Murray-Smith, D.J. (1986) System identification and computer simulation - an integrated approach to the modelling of complex systems. In: 2nd European Simulation Congress, Antwerp, Belgium, 9-12 Sep 1986, pp. 3-9.
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System identification and parameter estimation techniques are important tools for the modelling of complex systems. The paper reviews some practical aspects of system identification and provides an account of an integrated approach to system modelling involving the development of efficient and robust identification methods through the use of computer simulation. The methodology is presented using three apparently contrasting fields of application. These involve the non-invasive estimation of cardio-pulmonary quantities in the human subject, the identification of stability and control derivatives in helicopter flight mechanics models, and the study of complex interactions between neural signals within elements of the neuromuscular system. Similarities highlighted in these different applications include problems of inherent system complexity, difficulties caused by working with short data records and complications introduced by other experimental constraints. Problems of nonlinearity and poor signal-to-noise ratios are also discussed. The role of computer simulation techniques in the development of methods to overcome these problems is outlined in each case and the benefits of an integrated approach are emphasised.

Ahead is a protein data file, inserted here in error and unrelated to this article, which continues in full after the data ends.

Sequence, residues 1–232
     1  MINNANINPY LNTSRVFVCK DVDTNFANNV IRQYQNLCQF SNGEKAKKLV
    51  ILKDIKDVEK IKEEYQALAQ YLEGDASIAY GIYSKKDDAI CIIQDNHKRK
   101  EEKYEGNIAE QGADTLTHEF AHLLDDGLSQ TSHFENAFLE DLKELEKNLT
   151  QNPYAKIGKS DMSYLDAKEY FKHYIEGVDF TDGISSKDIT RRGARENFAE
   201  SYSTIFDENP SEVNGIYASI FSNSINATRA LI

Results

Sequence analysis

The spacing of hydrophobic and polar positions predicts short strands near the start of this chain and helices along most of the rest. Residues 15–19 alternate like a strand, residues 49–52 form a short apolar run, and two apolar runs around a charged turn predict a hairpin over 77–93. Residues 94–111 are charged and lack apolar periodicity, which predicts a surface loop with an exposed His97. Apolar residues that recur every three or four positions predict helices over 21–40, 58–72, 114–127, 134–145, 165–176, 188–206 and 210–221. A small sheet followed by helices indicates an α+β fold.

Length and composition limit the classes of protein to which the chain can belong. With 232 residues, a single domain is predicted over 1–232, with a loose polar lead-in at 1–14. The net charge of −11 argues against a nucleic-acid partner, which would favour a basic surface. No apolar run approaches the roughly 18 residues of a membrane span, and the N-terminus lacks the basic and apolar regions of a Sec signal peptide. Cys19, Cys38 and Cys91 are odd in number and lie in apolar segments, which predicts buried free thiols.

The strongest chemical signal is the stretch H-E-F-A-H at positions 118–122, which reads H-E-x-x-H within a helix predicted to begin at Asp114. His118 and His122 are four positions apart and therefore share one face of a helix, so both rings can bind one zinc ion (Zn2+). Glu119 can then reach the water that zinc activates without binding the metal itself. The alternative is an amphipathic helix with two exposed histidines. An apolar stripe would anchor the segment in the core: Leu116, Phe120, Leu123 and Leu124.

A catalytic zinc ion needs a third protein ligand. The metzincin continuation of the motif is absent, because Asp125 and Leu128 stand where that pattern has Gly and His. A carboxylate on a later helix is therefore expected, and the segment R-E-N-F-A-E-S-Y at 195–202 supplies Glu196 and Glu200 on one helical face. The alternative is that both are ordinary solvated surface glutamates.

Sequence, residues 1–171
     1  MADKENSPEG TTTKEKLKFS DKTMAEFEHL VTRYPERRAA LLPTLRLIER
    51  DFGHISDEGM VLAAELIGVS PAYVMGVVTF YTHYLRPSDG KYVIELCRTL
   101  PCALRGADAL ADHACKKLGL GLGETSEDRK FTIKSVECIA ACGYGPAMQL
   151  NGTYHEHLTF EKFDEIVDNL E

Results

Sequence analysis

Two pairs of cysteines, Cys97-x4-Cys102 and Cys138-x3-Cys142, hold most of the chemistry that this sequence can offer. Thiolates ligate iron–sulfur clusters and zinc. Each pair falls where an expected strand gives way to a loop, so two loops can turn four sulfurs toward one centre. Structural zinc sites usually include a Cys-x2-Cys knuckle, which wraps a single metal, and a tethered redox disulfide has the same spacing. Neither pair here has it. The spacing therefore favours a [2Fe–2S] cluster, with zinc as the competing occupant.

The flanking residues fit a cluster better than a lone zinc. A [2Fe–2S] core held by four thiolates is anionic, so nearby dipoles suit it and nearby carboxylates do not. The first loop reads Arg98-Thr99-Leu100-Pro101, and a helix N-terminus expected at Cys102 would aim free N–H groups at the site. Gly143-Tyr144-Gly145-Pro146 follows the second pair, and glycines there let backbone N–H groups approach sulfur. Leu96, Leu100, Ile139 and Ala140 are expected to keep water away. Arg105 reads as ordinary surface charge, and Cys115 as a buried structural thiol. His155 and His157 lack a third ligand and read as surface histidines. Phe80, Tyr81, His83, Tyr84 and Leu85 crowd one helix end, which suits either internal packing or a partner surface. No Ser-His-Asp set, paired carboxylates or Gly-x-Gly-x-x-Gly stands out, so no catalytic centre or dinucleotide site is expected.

|Item Type:||Conference Proceedings|
|Additional Information:||Proceedings volume edited by G. C. Vansteenkiste, E.J.H. Kerckhoffs, L. Dekker and J.C. Zuidervaart. Published by Society for Computer Simulation, San Diego, CA, USA, 1986.|
|Keywords:||System identification, simulation, modelling, integrated approach, complex systems, helicopter flight mechanics model, cardio-pulmonary physiology, neurophysiology|
|Glasgow Author(s) Enlighten ID:||Murray-Smith, Professor David|
|Subjects:||Q Science > QA Mathematics > QA76 Computer software|
Q Science > QP Physiology
T Technology > TL Motor vehicles. Aeronautics. Astronautics
|College/School:||College of Science and Engineering > School of Engineering > Systems Power and Energy|
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